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In the uproar over police shootings, gun violence and race are children forgotten?

Photo courtesy of Huffington Post.

Photo courtesy of Huffington Post.

The tragic shootings in Minnesota, Louisiana and Texas have again focused the nation’s attention on race, excessive use of police force and sensible gun laws.

But what about the nation’s children and gun violence? Are we overlooking them?

Excluding gun-related incidents by law enforcement officers, almost 33,000 Americans die from gun violence each year. And many children are either victims of gun violence or suffer psychological trauma from being a witness to such horrific events.

The impact on children of witnessing a mass shooting or single victim shooting is immeasurable. We need only to imagine the emotional trauma inflicted on Dae’Anna Reynolds, the four-year-old daughter of Minnesota shooting victim Philando Castile’s girlfriend.

Dae'Anna Reynolds. Photo courtesy of the New York Times.

Dae’Anna Reynolds. Photo courtesy of the New York Times.

Dae’Anna not only saw the shooting of someone she knew intimately. She also saw a policeman point a gun at her mother Diamond, saw her mother taken away in handcuffs, and had to comfort a distraught Diamond Reynolds as she grieved Castile’s death.

“It’s okay. I’m right here with you,” Dae’Anna said to her mother.

Dae’Anna will carry the pain of that trauma for the rest of her life.

If we consider the number of children who were schoolmates and relatives of the 21 children gunned down in the Newtown massacre, as well as those who saw media accounts of that mass shooting, the scope of the risk of early childhood trauma becomes apparent.

If we further consider the children who are relatives or close acquaintances of the 21,334 men and women who commit suicide each year; and the children who are impacted by the thousands of people who die from gunshots in our inner cities, the picture becomes that much more clear. It is not unreasonable to suggest that literally millions of American’s children are at-risk for early childhood trauma due to direct or indirect exposure to gun violence.

In a study on gun violence in Philadelphia by The Center for Nonviolence and Social Justice, the level of violence in Philadelphia (and other cities like Chicago) was compared to the war in Afghanistan.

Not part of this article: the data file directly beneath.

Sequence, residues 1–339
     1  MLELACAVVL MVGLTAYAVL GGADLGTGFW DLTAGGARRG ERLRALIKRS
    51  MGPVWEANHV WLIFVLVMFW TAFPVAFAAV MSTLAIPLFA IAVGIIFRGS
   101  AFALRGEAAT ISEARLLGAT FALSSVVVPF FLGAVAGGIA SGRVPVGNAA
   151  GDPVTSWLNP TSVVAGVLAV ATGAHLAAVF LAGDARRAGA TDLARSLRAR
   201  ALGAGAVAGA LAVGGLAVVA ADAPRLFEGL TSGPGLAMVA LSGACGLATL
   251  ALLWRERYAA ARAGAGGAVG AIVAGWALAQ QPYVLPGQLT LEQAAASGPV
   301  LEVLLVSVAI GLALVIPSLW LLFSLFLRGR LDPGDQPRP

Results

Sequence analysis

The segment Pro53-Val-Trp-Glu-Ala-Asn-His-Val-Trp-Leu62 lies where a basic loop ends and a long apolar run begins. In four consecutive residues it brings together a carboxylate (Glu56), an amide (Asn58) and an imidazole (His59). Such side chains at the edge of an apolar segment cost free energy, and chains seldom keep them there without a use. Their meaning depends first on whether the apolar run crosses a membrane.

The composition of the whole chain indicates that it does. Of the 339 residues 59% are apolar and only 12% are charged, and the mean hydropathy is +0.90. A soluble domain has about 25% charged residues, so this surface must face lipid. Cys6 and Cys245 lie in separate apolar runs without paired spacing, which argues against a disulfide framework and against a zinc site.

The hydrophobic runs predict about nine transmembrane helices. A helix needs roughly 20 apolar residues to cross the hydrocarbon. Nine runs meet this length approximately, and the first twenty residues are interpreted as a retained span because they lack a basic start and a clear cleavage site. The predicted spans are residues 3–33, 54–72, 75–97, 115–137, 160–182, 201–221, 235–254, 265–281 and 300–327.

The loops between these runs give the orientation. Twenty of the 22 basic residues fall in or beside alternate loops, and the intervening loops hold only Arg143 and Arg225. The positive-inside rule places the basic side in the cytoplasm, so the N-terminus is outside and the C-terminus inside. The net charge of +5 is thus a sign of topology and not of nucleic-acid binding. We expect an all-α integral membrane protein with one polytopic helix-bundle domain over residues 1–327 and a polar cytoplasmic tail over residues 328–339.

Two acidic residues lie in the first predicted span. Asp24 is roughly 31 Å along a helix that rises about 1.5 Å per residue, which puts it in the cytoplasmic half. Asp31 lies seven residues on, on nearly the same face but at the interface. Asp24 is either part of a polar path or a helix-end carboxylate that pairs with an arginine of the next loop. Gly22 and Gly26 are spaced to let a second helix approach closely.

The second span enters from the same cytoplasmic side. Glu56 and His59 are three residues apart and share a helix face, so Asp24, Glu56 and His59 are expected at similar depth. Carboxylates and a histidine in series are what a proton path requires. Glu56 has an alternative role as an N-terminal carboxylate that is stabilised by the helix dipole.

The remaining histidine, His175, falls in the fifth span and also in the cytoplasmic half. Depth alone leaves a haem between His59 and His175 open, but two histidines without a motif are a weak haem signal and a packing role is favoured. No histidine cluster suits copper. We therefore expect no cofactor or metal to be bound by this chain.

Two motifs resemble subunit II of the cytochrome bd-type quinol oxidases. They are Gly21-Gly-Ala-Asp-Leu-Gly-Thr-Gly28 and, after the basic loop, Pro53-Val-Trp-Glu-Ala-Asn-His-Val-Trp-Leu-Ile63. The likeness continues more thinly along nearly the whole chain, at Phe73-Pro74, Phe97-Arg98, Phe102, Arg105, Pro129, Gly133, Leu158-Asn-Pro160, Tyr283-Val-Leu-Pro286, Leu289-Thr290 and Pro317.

The 275 murders in Chicago in 2013 exceeded the number of soldiers killed in combat in Afghanistan during the same time period. Every weekend someone dies in Chicago from gun violence. The researchers emphasize that children are not equipped to handle such stress without intervention. Doctors state that those who experience violence – children and adults – must have access to trauma treatment.

Social workers who are trained to provide trauma-informed interventions and services are already aware of the need to assess children who are exposed to gun violence for indications of trauma-related symptoms and behaviors. Clinicians also have to take into account the risk for trauma in children due to the constant and sensationalized media coverage of mass murders such as those in Charleston, SC, Orlando and Dallas.

It is important to reaffirm NASW’s commitment to participate with other public health stakeholders in working to prevent gun violence and to greatly reduce incidents if mortality and morbidity stemming from gun shots. NASW is also committed to advancing and trauma informed practice that incorporates content that reflect the impact of gun violence on early childhood trauma.

By Mel Wilson, MBA, LCSW NASW Social Justice and Human Rights Manager


  1. Claudia Bernard

    As always when it concerns black children we have to work so hard to make visible the issues that frame their experiences. It is as if they don’t matter. Thank you for shining a light on these issues.

  2. Thanks for this article–it becomes easy to get overwhelmed with everything that is going on in the world today. Reading this helped me get back to focusing on the impact on children and how to reduce negative impact of ACEs through trauma informed care. We have a long way to go, but I’m hopeful continued dialogue, education, and a multidisciplinary approach can make real sustainable change.

  3. Eleanor Hertzler

    I’ve been a social worker in foster care in SF, CA for over 20 years, and now in private practice for 15 years. One main take away I have from all the gun violence and mental health connection, is the extreme, essential need for therapy to be offered in elementary schools.
    The family/individual issues emerge and show themselves to teachers who interaction and witness children on a daily basis. If families or individuals have trauma, counseling could, has to so seriously intervene, identify the issues. Then treat, help at this early point of problems, before they become more deeply embedded. We need to have a national prevention policy to offer counselors, referrals for families in public schools. Not wait till problems are so out of control and we only have punishment, prisons as a coping mechanisms.

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